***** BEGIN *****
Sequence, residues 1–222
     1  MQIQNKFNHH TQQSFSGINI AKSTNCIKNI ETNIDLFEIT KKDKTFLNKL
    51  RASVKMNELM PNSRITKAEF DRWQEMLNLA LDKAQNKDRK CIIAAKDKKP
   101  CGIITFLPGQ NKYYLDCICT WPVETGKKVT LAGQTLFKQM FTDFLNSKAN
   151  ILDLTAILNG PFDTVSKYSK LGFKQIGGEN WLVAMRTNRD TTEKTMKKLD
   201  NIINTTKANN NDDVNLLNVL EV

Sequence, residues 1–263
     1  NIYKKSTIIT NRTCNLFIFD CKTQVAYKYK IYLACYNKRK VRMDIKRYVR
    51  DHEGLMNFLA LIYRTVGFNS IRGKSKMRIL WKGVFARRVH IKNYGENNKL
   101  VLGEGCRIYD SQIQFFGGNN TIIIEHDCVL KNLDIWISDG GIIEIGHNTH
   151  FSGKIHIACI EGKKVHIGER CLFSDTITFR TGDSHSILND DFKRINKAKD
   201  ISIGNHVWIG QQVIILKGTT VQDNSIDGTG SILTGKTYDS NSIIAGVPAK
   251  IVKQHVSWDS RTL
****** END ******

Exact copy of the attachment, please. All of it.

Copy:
Sequence, residues 1–222
     1  MQIQNKFNHH TQQSFSGINI AKSTNCIKNI ETNIDLFEIT KKDKTFLNKL
    51  RASVKMNELM PNSRITKAEF DRWQEMLNLA LDKAQNKDRK CIIAAKDKKP
   101  CGIITFLPGQ NKYYLDCICT WPVETGKKVT LAGQTLFKQM FTDFLNSKAN
   151  ILDLTAILNG PFDTVSKYSK LGFKQIGGEN WLVAMRTNRD TTEKTMKKLD
   201  NIINTTKANN NDDVNLLNVL EV

Sequence, residues 1–263
     1  NIYKKSTIIT NRTCNLFIFD CKTQVAYKYK IYLACYNKRK VRMDIKRYVR
    51  DHEGLMNFLA LIYRTVGFNS IRGKSKMRIL WKGVFARRVH IKNYGENNKL
   101  VLGEGCRIYD SQIQFFGGNN TIIIEHDCVL KNLDIWISDG GIIEIGHNTH
   151  FSGKIHIACI EGKKVHIGER CLFSDTITFR TGDSHSILND DFKRINKAKD
   201  ISIGNHVWIG QQVIILKGTT VQDNSIDGTG SILTGKTYDS NSIIAGVPAK
   251  IVKQHVSWDS RTL